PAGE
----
The Finance and Social Justice conference at the University of Bayreuth discussed questions at the intersection of finance and social justice. The conference brought together academics from philosophy, economics, and related disciplines such as sociology, law, and economic history who work on finance and social justice.
The aim of the conference was to establish a dialogue between new empirical research on the impact of finance on society, and normative inquiry into the role of finance in a just society. On the empirical end, new research traces how the financial sector has grown in size, reach and complexity, and how it affects both individual economic actors and the macroeconomy. The rise of finance may transform which goals firms pursue, which opportunities households have, and how employees conceive of themselves. Economies may be increasingly driven by changes in the price of real estate and of financial assets, be managed by central bank policy rather than fiscal policy, and face higher risks of financial crises.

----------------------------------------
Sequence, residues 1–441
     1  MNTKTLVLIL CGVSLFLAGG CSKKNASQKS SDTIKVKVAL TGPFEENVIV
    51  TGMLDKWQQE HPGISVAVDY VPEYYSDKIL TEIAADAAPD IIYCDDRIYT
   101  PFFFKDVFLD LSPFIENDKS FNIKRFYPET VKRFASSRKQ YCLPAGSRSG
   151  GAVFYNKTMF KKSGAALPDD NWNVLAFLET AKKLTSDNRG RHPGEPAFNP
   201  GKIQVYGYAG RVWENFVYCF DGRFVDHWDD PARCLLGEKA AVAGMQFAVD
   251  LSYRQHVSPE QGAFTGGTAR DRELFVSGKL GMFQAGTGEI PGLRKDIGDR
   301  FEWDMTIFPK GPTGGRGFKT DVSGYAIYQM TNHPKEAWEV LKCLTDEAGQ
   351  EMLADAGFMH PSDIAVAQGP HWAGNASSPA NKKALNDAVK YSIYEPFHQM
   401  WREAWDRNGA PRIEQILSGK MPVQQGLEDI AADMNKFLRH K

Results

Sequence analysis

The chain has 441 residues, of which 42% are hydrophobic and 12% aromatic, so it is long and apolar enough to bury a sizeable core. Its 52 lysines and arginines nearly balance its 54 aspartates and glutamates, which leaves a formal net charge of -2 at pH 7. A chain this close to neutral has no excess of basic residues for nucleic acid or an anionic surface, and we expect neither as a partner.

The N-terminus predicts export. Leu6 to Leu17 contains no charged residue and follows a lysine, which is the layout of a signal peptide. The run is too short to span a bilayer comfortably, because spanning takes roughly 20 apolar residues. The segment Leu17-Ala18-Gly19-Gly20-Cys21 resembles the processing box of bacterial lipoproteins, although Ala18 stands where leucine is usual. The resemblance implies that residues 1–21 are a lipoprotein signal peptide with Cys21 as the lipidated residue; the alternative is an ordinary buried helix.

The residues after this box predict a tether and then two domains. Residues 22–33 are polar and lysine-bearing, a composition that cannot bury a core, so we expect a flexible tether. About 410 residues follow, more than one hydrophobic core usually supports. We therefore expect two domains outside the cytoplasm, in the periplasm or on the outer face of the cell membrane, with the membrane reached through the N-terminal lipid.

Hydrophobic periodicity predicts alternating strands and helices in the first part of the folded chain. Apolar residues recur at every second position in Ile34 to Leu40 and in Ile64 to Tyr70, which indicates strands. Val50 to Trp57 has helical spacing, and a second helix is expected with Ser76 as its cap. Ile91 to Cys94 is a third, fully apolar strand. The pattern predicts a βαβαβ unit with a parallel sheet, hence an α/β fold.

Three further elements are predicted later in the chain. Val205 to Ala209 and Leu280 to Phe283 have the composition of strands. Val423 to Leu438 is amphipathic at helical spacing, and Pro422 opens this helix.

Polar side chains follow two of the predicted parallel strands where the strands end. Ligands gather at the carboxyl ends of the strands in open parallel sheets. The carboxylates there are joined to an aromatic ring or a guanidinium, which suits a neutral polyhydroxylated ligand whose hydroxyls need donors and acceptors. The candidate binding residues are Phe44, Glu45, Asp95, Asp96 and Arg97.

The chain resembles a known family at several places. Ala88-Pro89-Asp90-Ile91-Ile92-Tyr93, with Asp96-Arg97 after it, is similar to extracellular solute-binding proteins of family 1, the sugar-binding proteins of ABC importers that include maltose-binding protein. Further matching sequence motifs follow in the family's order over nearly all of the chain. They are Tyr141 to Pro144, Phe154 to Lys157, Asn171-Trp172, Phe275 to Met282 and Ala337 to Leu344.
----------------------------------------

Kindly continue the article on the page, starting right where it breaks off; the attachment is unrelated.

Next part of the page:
On the normative end, political philosophers and ethicists have started investigating ethical issues raised by particular financial products and their role for households, such as payday loans, mortgage contracts, or insurance products. They have investigated the epistemic shortcomings that contributed to causing the financial crisis. They also enquire into the moral limits of imposing systemic risk of financial crises, the legitimacy of new central bank policies such as quantitative easing, and the ethics of sovereign debt.
Date: 3-5 November 2016
Location: University of Bayreuth, Germany
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Organizers: Marco Meyer, Matthew Braham, Bernhard Herz